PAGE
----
Steve Reich interview
The influential minimalist composer tells us about the American style that made classical music popular again
Mon Nov 4 2013
© Wonge Bergmann
It is often quipped that if you can remember the 1960s then you weren’t there. Steve Reich, however, was not only one of the seminal American composers of that decade, but can recall enough about it to reminisce about the period in a Q&A at the Southbank Centre. ‘I am 77 and I don’t remember things quite as clearly as I used to,’ he says. Perhaps his ability to still recall the exciting developments events of that decade is because of his age. ‘I was too young to be a beatnik and too old to be a hippy, so I fell through the cracks there,’ he explains.
The talk precedes a concert of his music performed by the Colin Currie Group, in which Reich (pronounced ‘Rye-sh’) will perform his ‘Clapping Music’ with the group’s leading percussionist. It is part of The Rest is Noise Festival at the Southbank Centre, a year-long exploration of Alex Ross’s eponymous book about twentieth-century classical music, which has now reached the 1960s and ’70s in a weekend of talks, film and music entitled ‘Superpower’.
Born in 1936, jovial minimalist Reich chats away at 100 miles per hour, delivering an entertaining monologue, part amusing anecdotes, part musical history lesson, mixed with candid reflections on his composing style. He is on the phone from his home on the border between New York State and Connecticut, having finally left his native New York City. ‘I walked around Manhattan with ear plugs in my ears for 30 years and finally looked at to my wife and said: “Enough?”’ he guffaws. ‘So in 2006 we moved up here to Pound Ridge, and frankly, looking out at trees and birds, I enjoy that more than looking at garbage trucks and cement.’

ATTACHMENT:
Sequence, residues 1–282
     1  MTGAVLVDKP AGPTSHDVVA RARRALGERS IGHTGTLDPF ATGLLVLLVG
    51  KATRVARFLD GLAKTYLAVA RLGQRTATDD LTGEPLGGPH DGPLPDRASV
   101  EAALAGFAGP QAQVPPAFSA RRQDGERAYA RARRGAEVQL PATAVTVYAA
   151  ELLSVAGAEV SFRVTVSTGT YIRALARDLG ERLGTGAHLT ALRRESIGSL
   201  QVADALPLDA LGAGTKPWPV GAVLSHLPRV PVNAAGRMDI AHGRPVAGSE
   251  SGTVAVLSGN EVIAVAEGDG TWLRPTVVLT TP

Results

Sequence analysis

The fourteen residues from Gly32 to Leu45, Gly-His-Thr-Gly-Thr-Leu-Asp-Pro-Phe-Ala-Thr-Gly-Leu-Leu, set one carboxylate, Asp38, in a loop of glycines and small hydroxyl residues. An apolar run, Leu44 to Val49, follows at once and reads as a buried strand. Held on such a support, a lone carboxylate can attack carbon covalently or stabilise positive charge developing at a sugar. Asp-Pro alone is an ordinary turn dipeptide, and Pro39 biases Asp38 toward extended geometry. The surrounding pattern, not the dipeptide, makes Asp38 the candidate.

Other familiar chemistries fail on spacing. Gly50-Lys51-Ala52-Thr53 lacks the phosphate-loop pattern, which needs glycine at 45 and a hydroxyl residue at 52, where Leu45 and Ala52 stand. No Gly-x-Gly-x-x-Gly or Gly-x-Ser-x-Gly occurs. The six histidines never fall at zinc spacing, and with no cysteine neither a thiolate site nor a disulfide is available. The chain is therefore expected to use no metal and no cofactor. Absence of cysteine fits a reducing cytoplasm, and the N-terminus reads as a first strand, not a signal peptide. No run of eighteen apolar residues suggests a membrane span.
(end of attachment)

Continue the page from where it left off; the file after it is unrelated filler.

‘The most satisfying thing is knowing that someone that I have never met is playing a piece of mine'
He has achieved what few classical composers can claim – he is a major influence on both classical composers (including John Adams and Nico Muhly) and pop musicians (Radiohead and Brian Eno; last month producer influential New York producer James Murphy remixed a David Bowie track and called it ‘Hello Steve Reich’) and has achieved a huge popular following, without compromising his musical values.
His musical journey is an eclectic one. ‘As a young kid, at the age of 14, I discovered Bach, bebop and Igor Stravinsky all within a month and that became the focal point of all my musical loves and passions.’ Then, at college he was introduced to twelfth-century composers such as Pérotin and, later, an interest in African drumming and Indonesian gamelan resulted in his style of mesmeric minimalism, in which long repeating patterns of different rhythms (usually played on keyboards and mallet percussion instruments, such as marimbas and vibraphones) shift very subtly.
It was a conscious rejection of the atonal 12-tone serial system invented by Arnold Schoenberg, which dominated European composing after World War II. ‘For my generation, myself with Philip Glass, John Adams and Arvo Pärt, something very different happened, which was not a revolution but a restoration – of melody, harmony and rhythm that had been lacking. And music can’t lack those elements, they are too basic and fundamental – people will turn away from that music, which is exactly what happened.’
Now 50 years after his first experiments in minimalism, he is one of the world’s most successful contemporary composers. ‘Well, yes. It is wonderful to make a living,’ he laughs. ‘The most satisfying thing in my life as a composer is knowing that someone somewhere that I have never met is playing a piece of mine. That is why I am writing music – so people can play it. And they are playing it, which is wonderful. Who could ask for anything more?’